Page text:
Meet_Pazi
 
I looked up, and I looked down, and there was nothing. There was nobody else there but God.
 
Meet_Pazi_2

Meet Pazi.

 

Meet Pazi.

26 years old and from Gambia.

To reach Lampedusa he crossed six countries: The Gambia, Senegal, Burkina Faso, Mali, Algeria, and the most dangerous of all, Libya.

His trip took about nine months. Instead of crossing the desert by way of Agadez, Niger, like the majority of others, he detoured to Algeria. He was lucky to find refuge there with a man who allowed him to work in his family garden. The family provided housing and food, and he was safe while he earned enough money to leave for the next step of his journey; he stayed in Algeria for four months.

When he left for Libya, Algerian military kidnapped him. His legs were tied and beaten. His money was stolen. He managed to negotiate with a higher official to get back half of his cash.

He continued on to Libya where smugglers packed people so tightly in a truck that they couldn’t move or breathe. There were no windows, so there was no air. There were small children in the truck, about five years old, he says. There were women and girls, and babies in the truck. People were crying.

The smugglers sold the truck to Libyan police. This way, smugglers increase their profit, while giving the police a chance to profit from Pazi’s capture, as well. He tried to run but he was caught and beaten.

He was in Libyan prison for three months, at a location somewhere within the Tripoli city limits. To eat, he was was allowed two handfuls of a flour and water mixture each day. The water they drank was salty. Prisoners were dehydrated and coughing. There were 500 people in the prison, he estimated; some had no space to sleep. There was fighting among the prisoners. Authorities cut people’s eyes out. There were young Nigerian and Gambian girls there––15, 16, 17 years old. There were no sanitary products for them while they were menstruating; there was “blood all over,” he says. Babies were delivered in the prison.

To get out of prison you must have a contact in Tripoli who the police will use to contact family to blackmail for money for release; the police will not make the expensive calls themselves. Pazi did not have a contact.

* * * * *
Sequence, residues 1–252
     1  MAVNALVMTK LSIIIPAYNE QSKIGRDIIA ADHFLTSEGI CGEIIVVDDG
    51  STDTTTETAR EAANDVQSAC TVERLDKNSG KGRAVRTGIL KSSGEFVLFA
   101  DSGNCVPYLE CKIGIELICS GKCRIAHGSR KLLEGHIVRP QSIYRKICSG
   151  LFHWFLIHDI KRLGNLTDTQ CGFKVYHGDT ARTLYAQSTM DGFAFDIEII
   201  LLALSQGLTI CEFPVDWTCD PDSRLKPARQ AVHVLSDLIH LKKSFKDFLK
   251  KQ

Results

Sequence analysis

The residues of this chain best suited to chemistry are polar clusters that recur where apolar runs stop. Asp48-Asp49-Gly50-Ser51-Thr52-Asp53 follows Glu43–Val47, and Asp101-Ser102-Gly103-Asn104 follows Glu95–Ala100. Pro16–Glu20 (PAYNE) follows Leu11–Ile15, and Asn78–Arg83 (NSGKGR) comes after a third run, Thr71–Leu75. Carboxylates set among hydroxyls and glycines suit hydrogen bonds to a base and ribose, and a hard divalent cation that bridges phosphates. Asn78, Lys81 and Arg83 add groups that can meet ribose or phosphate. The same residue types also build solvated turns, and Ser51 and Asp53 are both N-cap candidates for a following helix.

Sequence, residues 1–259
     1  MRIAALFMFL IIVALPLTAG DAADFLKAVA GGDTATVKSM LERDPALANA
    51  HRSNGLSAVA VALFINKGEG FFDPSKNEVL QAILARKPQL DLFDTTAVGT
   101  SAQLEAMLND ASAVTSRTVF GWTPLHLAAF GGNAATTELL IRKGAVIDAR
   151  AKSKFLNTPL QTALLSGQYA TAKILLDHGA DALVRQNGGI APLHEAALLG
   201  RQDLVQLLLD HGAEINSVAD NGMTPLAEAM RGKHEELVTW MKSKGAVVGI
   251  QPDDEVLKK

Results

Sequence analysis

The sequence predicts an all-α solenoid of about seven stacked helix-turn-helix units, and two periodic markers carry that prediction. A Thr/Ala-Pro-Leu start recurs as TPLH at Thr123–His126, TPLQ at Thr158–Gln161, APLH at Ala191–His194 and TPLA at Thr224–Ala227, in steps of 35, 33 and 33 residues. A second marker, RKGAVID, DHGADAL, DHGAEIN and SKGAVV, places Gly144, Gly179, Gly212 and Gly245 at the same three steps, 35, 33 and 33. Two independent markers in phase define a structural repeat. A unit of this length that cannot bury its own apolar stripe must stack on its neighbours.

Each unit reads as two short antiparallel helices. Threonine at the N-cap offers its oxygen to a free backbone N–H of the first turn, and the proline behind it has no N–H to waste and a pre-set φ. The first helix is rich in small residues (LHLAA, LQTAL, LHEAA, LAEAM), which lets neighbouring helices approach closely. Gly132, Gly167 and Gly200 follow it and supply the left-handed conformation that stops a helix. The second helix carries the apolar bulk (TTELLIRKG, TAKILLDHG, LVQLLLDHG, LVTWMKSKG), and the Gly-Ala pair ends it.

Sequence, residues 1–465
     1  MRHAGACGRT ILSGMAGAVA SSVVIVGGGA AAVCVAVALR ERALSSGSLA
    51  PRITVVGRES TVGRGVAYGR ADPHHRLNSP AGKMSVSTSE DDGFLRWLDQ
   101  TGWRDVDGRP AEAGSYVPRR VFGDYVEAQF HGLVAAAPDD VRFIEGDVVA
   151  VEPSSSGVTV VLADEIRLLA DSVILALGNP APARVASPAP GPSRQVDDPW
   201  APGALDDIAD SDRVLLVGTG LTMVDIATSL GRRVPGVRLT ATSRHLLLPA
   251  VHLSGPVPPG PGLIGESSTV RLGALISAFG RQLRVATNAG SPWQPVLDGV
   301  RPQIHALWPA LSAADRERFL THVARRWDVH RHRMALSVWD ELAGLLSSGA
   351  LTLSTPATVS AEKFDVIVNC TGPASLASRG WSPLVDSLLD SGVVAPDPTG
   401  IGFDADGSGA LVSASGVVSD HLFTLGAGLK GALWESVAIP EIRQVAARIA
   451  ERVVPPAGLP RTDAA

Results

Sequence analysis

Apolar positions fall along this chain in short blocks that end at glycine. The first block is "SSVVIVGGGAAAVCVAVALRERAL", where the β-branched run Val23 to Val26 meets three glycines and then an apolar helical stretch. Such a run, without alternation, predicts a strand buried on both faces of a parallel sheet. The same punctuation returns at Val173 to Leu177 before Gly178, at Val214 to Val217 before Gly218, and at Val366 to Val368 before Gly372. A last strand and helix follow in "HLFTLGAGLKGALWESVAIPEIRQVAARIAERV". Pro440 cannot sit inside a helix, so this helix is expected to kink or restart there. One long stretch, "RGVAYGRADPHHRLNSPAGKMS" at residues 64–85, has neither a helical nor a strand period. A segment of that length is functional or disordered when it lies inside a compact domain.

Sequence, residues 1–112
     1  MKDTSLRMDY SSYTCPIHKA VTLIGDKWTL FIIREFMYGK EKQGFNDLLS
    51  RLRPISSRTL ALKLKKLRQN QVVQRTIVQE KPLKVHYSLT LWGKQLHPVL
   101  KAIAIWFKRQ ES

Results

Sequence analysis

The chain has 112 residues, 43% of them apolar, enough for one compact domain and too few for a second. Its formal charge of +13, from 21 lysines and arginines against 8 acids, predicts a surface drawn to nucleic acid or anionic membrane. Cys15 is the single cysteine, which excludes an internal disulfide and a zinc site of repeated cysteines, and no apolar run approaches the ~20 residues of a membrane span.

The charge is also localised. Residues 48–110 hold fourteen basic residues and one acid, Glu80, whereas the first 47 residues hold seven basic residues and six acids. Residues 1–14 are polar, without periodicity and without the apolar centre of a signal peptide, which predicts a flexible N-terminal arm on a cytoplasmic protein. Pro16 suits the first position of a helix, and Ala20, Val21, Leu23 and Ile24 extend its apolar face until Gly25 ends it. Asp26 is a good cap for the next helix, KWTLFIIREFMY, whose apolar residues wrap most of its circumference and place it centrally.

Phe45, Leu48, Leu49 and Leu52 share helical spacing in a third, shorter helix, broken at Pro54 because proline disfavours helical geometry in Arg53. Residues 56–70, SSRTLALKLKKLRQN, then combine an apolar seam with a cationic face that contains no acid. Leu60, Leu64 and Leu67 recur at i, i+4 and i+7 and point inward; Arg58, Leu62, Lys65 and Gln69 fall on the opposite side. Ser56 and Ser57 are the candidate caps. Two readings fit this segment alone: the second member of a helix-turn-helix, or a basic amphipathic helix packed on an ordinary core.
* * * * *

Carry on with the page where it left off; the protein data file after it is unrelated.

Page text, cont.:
After three months he escaped. He worked for exploitative employers in Tripoli who at the end of the day would not pay him the agreed-upon fee, or sometimes nothing at all. It took him one month to earn 1000 dinars (about 500 Euros, he guessed) to pay for passage on the boat.

He crossed the Mediterranean Sea at 1:00am on an overloaded rubber dinghy with 136 people. It was dark and girls on board were crying.

“I looked up, and I looked down, and there was nothing. There was nobody else there but God.” He prayed to Allah.

A German rescue ship picked them up after 10 hours on the dinghy, and he was emphatic about this point: the Germans showed him incredible kindness. “I’d like to meet those people again. They were so nice.”

He was transferred to an Italian Coast Guard vessel and brought to Lampedusa, where he has been in the hotspot for about a month; the detention center is meant as a transfer point for refugees, for occupancy of no more than 72 hours.

Pazi is smart and funny. He is educated through the 10th grade but would like to go back to school. He speaks many languages. He knows how to sew, which he used to do for work in Gambia. Pazi’s dream is to be an artist, a musician; he can sing a little bit too.

Pazi is an amazing human being.

 

Read Pazi's one-year followup story, recorded November 2017 >